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What is the best way to say this?

Because of yours and the John Wichel Foundation’s grant we are able to continue our mission to serve all Texans with diabetes.

Should it be

Because of your and John Wichel Foundation's grant, we are able . . . OR
Because of yours and the John Wichel Foundation's grant, we are able . . .

It's a double possessive with the word your. No matter how I write it, it doesn't sound right.

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When using them separately, we'd use-

  • Your grant...
  • John Wichel Foundation's grant...

When using them together, combining them with an 'and'-

...your and John Wichel Foundation's grants...

... which, when placed into the context of this sentence, would be- "Because of your and the John Wichel Foundation’s grants, we are able to continue our mission to serve all Texans with diabetes."

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    I think this is a good answer, but do you think the pluaralization on "grant" is grammatically necessary? I think it helps facilitate the (likely) intended meaning, but the same meaning is accessible by dropping the plural. – GoldenGremlin Jun 8 '16 at 19:43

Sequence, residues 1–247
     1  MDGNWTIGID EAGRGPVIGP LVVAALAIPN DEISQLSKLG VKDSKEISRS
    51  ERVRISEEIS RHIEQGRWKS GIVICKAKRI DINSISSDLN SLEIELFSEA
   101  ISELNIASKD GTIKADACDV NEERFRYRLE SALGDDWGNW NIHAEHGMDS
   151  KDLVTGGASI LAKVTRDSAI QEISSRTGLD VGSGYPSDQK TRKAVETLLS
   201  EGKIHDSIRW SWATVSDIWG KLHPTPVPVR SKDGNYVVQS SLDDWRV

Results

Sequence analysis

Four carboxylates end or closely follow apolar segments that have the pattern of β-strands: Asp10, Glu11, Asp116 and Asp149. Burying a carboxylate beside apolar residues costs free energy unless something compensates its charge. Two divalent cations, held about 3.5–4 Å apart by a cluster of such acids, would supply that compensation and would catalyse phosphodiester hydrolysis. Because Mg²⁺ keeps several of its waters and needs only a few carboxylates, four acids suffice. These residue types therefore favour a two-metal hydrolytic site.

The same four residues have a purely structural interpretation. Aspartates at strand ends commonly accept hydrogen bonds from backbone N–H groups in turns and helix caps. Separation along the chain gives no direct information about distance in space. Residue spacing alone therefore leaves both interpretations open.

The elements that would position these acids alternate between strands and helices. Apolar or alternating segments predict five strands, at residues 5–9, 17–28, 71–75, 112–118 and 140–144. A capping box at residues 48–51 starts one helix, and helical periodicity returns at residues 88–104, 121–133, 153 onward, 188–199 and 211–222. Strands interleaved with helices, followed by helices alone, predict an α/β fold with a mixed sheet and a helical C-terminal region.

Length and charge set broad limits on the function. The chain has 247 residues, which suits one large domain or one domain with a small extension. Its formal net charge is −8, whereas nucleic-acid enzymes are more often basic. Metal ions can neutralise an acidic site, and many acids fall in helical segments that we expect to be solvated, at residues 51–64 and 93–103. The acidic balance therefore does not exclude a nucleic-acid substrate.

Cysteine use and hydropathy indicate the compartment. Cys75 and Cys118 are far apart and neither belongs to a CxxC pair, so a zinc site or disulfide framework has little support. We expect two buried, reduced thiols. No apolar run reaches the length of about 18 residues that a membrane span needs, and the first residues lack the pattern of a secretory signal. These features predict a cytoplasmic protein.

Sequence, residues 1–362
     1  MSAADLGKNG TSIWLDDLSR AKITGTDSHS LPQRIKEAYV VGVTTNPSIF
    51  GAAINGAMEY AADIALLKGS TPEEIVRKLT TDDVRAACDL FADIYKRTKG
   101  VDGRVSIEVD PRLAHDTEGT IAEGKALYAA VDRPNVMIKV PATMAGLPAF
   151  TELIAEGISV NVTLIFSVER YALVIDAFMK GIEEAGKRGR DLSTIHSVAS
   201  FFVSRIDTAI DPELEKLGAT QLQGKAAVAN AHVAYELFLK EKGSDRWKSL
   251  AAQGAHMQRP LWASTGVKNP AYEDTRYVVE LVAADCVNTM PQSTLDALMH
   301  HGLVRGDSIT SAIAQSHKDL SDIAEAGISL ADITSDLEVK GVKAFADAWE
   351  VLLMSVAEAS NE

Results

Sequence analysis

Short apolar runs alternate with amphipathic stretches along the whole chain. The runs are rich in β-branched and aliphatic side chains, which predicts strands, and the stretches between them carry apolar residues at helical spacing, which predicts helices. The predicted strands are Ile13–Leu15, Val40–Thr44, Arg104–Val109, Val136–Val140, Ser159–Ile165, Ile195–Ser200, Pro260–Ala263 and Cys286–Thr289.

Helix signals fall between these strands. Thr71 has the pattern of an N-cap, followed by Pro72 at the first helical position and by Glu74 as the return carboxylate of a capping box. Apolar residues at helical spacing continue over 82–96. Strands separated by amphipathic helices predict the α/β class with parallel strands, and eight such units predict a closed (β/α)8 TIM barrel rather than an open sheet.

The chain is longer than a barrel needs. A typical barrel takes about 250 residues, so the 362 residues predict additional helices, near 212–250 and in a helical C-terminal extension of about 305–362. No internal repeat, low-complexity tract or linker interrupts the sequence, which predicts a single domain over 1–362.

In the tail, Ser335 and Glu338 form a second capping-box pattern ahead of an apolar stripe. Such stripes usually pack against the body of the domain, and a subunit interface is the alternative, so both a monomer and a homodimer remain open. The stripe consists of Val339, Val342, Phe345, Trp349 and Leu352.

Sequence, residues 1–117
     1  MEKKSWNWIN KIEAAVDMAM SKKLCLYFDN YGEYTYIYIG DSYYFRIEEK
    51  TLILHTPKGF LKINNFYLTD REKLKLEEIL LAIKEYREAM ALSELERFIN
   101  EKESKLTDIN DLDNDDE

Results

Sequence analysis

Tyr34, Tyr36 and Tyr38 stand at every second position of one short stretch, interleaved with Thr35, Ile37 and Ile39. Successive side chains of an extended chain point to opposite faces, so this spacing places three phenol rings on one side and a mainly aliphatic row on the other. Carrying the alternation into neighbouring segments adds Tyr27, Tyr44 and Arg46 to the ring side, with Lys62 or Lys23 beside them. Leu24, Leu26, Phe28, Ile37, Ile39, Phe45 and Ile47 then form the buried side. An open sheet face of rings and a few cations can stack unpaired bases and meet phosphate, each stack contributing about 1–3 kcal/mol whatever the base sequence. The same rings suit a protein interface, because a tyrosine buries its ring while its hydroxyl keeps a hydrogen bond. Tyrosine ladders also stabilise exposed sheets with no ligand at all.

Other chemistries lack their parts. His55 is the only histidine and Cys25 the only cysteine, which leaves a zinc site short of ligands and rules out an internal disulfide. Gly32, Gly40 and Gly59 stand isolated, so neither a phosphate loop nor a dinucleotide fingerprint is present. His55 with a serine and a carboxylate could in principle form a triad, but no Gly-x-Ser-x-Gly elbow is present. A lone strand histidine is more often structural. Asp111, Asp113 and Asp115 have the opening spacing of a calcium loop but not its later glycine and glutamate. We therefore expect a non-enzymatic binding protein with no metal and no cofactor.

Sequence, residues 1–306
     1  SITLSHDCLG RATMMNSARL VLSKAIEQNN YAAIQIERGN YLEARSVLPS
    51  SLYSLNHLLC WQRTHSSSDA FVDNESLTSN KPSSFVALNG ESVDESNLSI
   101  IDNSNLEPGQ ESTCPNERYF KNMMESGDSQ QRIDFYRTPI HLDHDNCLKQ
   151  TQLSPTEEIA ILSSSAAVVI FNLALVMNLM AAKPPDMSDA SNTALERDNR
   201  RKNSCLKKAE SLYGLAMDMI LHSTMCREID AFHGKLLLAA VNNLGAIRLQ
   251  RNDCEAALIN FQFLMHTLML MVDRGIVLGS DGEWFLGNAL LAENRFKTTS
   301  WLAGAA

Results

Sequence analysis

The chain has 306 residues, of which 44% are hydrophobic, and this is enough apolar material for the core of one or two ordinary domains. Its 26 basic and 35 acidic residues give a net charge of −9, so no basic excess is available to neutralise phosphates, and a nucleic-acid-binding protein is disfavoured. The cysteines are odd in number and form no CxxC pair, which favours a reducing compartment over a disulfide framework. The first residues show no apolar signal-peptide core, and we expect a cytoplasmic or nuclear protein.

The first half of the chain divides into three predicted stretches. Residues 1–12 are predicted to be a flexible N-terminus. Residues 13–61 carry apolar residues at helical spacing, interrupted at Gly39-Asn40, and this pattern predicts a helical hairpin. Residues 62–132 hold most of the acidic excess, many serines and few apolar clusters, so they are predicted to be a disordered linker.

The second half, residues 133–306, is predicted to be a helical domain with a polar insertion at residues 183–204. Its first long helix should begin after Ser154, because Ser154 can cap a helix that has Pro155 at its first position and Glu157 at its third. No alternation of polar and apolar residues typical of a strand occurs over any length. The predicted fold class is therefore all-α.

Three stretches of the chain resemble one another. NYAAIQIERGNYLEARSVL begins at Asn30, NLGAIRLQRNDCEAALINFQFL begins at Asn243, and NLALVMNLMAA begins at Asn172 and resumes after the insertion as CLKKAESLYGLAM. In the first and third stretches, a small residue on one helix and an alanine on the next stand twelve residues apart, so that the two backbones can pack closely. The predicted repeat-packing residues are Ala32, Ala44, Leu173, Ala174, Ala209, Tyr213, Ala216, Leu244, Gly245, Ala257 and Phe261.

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    @Silenus If they made more than one grant, pluralize grant. If they made one grant, it remains singular—no s. – Stan Jun 8 '16 at 19:51
  • @Stan, fair enough. I guess I was wondering about the grammaticality of sentences like: "Your and my dog play great together." This sounds fine to me despite the fact that 'dog' is not plural. There is an elided 'dog' after 'your.' The same could happen with 'grant'. – GoldenGremlin Jun 8 '16 at 19:53
  • @Silenus "Your dog and mine play great together," might be easier on the ear. – Stan Jun 8 '16 at 19:57
  • Thank you guys! I had no idea my post was answered! – Rlativity1 Jul 27 '16 at 16:28

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